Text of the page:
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6 tracks composed by Nick Drake have been recommended.
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Black Eyed Dog  performed by Nick Drake  1974
Recommended by two-headed boy [profile]

In order to fully examine the minds of torment and depression, one would need to be familiar with Nick Drake's 'Black Eyed Dog.' With his transcendant ability to translate his demons into song, Nick Drake accounts a supernatural phantasm chasing him through the darkness of his own neurosis. 'Black eyed dog he claws at my door' - sung in his upper register, with the use of heavey falcetto, sounds like he is straining to survive a nightmare. His performance, despite the sparse production of acoustic guitar and vocal, is expansive. Use of harmonics and finger roll on this song proves the mastery of his instrument, as an amateur guitarist I am baffled by the sound he can create. The singular pulse of the guitar string rings-out with a delicate harmonic while the layering of other voices continue subtly underneath. And the result is the tragic embrace of his own psychological deterioration; a horror unlike the Macabre style of the French, it stands as its own haunting style, that of 'Drakesque.'

As we know his depression did finally catch up to him, and as a revisionist I would say that Nick knew it would all along, sooner or later. One would only need to hear this song and some of the pieces are put into place.

from Time of No Reply (Hannibal Records HNCD 1318), available on CD




  05 Sep 02 ·Liv: they say he had to have several overdubs of his voice on this track until he got it right, because of his depression his voice was trembling.. so far from the classical orchestrations of his early recordings, the sparse instrumentation and the intense emotion of "Black dog" affects you even more as Nick's haunting voice sounds like he's singing through an abyss of infinite darkness and despair..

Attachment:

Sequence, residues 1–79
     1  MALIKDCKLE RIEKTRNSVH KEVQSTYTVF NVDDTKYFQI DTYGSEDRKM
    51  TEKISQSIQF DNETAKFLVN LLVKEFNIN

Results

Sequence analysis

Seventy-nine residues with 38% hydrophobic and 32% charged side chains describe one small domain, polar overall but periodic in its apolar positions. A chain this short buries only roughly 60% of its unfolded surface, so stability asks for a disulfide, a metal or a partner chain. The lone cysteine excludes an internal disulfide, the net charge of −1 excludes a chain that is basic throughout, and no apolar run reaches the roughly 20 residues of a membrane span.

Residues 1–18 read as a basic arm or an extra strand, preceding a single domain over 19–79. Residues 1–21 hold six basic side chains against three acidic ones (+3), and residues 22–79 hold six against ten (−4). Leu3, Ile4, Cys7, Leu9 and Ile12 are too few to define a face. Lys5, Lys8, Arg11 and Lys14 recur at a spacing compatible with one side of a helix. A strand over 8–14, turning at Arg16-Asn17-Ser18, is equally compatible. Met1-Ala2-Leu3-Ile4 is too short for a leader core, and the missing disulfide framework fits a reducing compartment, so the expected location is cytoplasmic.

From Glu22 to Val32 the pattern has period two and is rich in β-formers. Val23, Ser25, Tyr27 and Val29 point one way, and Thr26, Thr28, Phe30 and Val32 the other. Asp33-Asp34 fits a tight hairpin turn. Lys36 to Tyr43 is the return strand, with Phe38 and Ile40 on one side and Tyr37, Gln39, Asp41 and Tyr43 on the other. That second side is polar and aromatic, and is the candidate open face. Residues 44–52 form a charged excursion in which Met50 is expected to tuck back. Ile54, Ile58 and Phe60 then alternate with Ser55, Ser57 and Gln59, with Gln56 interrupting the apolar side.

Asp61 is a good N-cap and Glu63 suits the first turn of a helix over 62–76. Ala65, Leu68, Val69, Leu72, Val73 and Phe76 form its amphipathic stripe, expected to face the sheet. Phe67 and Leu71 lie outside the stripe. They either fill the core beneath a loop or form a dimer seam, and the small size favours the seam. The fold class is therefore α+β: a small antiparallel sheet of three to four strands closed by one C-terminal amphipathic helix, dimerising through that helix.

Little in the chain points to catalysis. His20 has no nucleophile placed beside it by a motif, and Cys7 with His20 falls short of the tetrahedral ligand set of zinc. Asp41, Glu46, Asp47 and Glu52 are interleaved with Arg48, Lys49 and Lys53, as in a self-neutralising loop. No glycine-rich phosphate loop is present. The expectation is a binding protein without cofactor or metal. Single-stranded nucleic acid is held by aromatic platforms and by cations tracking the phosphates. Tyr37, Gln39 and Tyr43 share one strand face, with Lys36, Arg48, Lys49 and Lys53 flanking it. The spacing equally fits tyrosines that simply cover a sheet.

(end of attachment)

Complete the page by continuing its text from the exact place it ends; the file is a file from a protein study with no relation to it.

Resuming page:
28 Feb 03 ·songs-I-love: Actually, the lyrics to this song go "A black-eyed dog, he CALLED at my door...", but with Nick's way of singing (or rather: expressing himself), it's just all too easy to get confused. The line "I'm growing old and I wanna go home" gets through my heart like a bullet every time I hear it. Only few songs can evoke such strong emotions in me.
  13 Jul 05 ·kkkerplunkkk: Yes beautiful and chilling, but it's a small comfort to know that this wasn't actually the last song he ever recorded, that sad honour going to the recently discovered Tow The Line.
Man In A Shed  performed by Nick Drake  1969
Recommended by Pal [profile]

Itīs about ten years ago I heard Nick Drake for the first time, and I understood that the sixties were more than just Beatles and the Stones. Nick Drake has truly done an huge impact on me.

from Five Leaves Left (Island Records), available on CD (Rykodisc)


Northern Sky  performed by Nick Drake  1970
Recommended by genebean [profile]

Nick Drake's style is probably catagorized under British folk rock. This song is smooth with the happy keys jumping around and the organ in the background. Best if played while driving with the windows down on a cool morning.

from Bryter Layter, available on CD (Hannibal)



  14 Jun 04 ·eftimihn: A song of plain, pure beauty. It's emotionally moving, especially when he sings "Would you love me through the winter/Would you love me 'til I'm dead"
Way to Blue  performed by Nick Drake  1969
Recommended by Mike [profile]

Lovely, sombre song whose excellent string arrangement (no other backing is used) contributes greatly to its success.

from Five Leaves Left
available on CD - Way to Blue


Things Behind The Sun  performed by Nick Drake  1971
Recommended by Swinging London [profile]

Well, Nick Drake seems to be finally enjoying his place in the sun, fame & success-wise, even if: 'Fame is but a fruit tree, so very unsound'.

I first heard Nick Drake being played in a record shop in London. I thought it was '60's Donovan. Anyway, it wasn't & I bought the record and haven't looked back since.

Part of his non-success was due to his inabilty to come up with a hit single, or a single at all and this was still, to a large degree, a singles era.

I've often thought that this song, of all of his, could have been a single, given a slightly different treatment.

Anyway, it wasn't, but I love it very much and do think it's one of his catchiest, even though that's probably not the right word for anything by Nick Drake.

from Pink Moon (Island)
available on CD - Yes (Island)



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